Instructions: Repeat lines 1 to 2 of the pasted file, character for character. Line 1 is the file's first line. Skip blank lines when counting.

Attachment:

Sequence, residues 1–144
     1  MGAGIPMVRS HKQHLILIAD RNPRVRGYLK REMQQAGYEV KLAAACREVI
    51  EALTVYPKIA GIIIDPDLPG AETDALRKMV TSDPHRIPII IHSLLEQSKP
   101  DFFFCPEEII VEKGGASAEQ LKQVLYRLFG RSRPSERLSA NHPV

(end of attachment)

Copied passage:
Sequence, residues 1–144
     1  MGAGIPMVRS HKQHLILIAD RNPRVRGYLK REMQQAGYEV KLAAACREVI